William Lunsford

William Lunsford

Kennesaw State Business major interested in entrepreneurship and social media marketing. I love dealing with markets, finances, and people. I believe there is so much to learn every day and that we learn from other people’s stories. 

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  • William Lunsford
    Published 4 months ago
    Why the Public Education System Is Failing

    Why the Public Education System Is Failing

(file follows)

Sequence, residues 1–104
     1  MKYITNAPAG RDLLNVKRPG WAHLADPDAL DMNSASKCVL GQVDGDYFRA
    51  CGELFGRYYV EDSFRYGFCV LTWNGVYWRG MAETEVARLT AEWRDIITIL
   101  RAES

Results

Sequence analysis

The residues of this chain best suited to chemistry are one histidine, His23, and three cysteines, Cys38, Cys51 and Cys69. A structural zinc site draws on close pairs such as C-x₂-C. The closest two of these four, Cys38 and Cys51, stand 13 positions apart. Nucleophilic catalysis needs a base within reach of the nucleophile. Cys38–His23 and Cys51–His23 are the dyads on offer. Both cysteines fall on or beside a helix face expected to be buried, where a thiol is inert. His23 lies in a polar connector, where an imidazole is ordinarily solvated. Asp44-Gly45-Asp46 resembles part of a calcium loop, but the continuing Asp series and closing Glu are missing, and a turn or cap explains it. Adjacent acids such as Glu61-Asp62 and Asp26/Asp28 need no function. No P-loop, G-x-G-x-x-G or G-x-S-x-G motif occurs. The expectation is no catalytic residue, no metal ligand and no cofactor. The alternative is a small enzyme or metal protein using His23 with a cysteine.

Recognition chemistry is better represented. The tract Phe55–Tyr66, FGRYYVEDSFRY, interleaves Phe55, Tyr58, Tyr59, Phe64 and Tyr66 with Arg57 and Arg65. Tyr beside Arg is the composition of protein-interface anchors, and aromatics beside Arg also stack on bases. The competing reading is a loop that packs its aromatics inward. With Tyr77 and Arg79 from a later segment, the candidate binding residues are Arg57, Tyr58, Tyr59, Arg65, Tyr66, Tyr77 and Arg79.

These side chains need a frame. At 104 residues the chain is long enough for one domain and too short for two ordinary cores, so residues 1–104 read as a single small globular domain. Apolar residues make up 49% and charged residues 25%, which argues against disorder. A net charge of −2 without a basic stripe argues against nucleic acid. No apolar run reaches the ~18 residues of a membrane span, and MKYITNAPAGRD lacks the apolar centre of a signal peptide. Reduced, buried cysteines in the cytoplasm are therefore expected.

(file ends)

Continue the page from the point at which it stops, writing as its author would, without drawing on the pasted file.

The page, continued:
Everyone knows that kids do not like learning in school, but it is required. As a 19 year old who lives in Georgia, I had to attend school until I was 16, until I had the option to drop out; however, I chose not to because I knew I needed to stay in school and get a college degree in order to be successful. It is required by law that you attend school in some way; however, the people making and supporting this law are not the one's going to school. Adults look at schools and remember when they attended because it all looks familiar. Have you ever noticed a teacher in your high school that you find out attended the same school when he was in high school? So why does that teacher recognize the school, notice nothing has changed, eat the same meals as they did before, and use the same teaching methods as they were taught? Adults always say how much the world has changed and how different the technology is from when they were growing up. They remember sitting in rows of desks at their public school and learning about chemistry and taking exams on who the 23rd president was and what bills they passed. If you ask that same adult today, in 2019, I promise they will pull out their phone and search for it. Rows of desks were originally organized to get children in the mindset of having everything even, and the feel for lines for the assembly lines in the early 20th century. A lot of teachers today will tell students to think outside of their comfort zone and reach out to new ideas, but the desks are still the original idea and the same style from when school started in 1821 in Boston. The public education system forces kids to take classes they will never use and then shame them for not doing well in it. You teach a mathematician world history and they struggle with it. You tell them they are not smart enough, "Look at the person next to you who did really well," or, "You just aren't good enough." So why discourage people into thinking they are not intelligent enough for the world if they do not need that information to be successful? If that person was discouraged and started to believe that they are not good enough for the world, then they will never try to achieve their goals. Those goals could have saved lives of many or solved a cure for something fatal, but that one teacher told them they would never be successful since they couldn't learn something as fast as someone else. When an adult has a question about their job, or has a question about something they are going to, they ask someone or search for an answer on the internet, but phones and talking are not allowed during an exam. A standardized test was created by Alfred Binet to test knowledge on a certain subject matter. In the real world of 2019, tests are not taken, quizzes are not handed out, and if they are, you can use your resources. Almost every kid in high school in the United States has a device they can access the internet with, but are not allowed to use it when they have a question. They are forced to take classes which will not affect them in the future, and read books that are 2,000 pages long and filled with information that can only help them for the test they will take.